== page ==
Saudi film industry has growth potential: Top UK director

Director Jonas Grimas during a two-day workshop in Riyadh. (Photo/Supplied)
Updated 14 October 2018
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Saudi film industry has growth potential: Top UK director

  • Grimas won a British Academy Award (BAFTA) for his graduation short film “Artisten” in 1988
  • Recently the Saudi Film Council (SFC) was established to promote and support the industry

RIYADH: The Saudi film industry has much potential for growth, although the formation of an academy or film school is essential to move forward, Swedish film and television director Jonas Grimas said in a public talk in Riyadh recently.

Grimas was speaking at the Faisaliyah Hotel last month when the British Council, in partnership with the General Culture Authority, represented by the Saudi Film Council, held a workshop there.

In an interview with Arab News, Grimas spoke about his background as a successful filmmaker and about the future of filmmaking in the Kingdom, along with his insights about the country during his visit.

Grimas was born in Uppsala, Sweden and studied at the Dramatiska Institute Film School in Stockholm and the Royal College of Art in London. His passion for filmmaking grew out of his work in theater. “It was a natural way of taking story-telling a step further and making it accessible to a larger audience and timeless,” he said.

After graduating, Grimas moved to London where he went on to direct movies, documentaries and short films; he also worked on British crime dramas as well as a string of Swedish productions.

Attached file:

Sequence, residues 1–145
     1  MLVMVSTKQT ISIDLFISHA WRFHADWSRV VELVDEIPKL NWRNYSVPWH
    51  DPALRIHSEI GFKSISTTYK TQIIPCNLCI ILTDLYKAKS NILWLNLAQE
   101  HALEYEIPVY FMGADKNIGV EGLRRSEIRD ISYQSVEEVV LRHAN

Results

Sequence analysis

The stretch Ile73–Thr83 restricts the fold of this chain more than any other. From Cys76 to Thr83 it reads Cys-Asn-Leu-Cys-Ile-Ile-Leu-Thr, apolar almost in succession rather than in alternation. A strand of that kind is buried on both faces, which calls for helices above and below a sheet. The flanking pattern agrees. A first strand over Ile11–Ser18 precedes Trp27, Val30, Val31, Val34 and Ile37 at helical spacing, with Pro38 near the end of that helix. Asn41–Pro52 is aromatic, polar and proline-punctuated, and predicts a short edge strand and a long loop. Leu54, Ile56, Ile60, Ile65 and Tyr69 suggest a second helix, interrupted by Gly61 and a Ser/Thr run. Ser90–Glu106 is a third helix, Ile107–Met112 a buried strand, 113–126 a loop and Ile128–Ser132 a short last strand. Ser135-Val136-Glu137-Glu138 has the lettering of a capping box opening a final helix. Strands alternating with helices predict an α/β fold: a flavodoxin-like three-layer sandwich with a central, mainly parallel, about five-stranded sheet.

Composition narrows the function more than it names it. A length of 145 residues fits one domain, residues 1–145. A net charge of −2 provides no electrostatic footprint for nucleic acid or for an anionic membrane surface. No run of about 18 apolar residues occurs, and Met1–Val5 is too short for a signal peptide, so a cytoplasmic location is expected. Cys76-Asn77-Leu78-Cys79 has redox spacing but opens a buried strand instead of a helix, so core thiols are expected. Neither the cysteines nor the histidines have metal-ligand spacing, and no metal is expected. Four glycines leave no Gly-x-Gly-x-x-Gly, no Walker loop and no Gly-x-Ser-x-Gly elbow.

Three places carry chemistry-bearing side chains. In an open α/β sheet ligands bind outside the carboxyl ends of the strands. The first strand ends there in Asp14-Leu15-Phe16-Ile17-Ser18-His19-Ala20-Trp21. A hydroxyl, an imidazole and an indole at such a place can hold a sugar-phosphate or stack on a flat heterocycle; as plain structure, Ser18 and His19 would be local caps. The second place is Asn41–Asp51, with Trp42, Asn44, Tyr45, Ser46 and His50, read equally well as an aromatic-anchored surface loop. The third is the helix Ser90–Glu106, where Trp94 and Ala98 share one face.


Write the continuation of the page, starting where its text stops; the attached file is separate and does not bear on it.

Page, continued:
Grimas won a British Academy Award (BAFTA) for his graduation short film “Artisten” in 1988, which he admits was his proudest achievement. “I am proud of everything I made. Getting something done is an achievement in itself. But if I were to single out one film it would be my graduation film for a number of reasons: It won a BAFTA and a string of other international awards, and it is still being screened internationally 30 years later. But first and foremost, because it was made by a large group of friends whose passion and commitment not just made it possible, but made it what it is.”

In 2011, the Stockholm Culture Foundation also named Grimas Cultural Personality of the Year. He believes that his success, and that of any movie, is due to passion and hard work. “Talent is just a starting point, after that it takes hard work and commitment.” He added: “You also need to recognize a good story — which is always a simple one. Finally you need luck — being in the right place at the right time and meeting the right people that share your ideas.” 

Grimas decided to hold the workshop, titled “The Art of Filmmaking” as well as a public talk on “The Art of Directing,” because he believes that it is the responsibility of any artist to share and pass down knowledge and experience to the next generation. “The language/grammar of film is an international language. I take great pleasure in teaching, and the chance to do so on an international level is very attractive.” The impressions and feedback received from the workshop were positive and Grimas described the participants as “passionate with a great eagerness to learn.”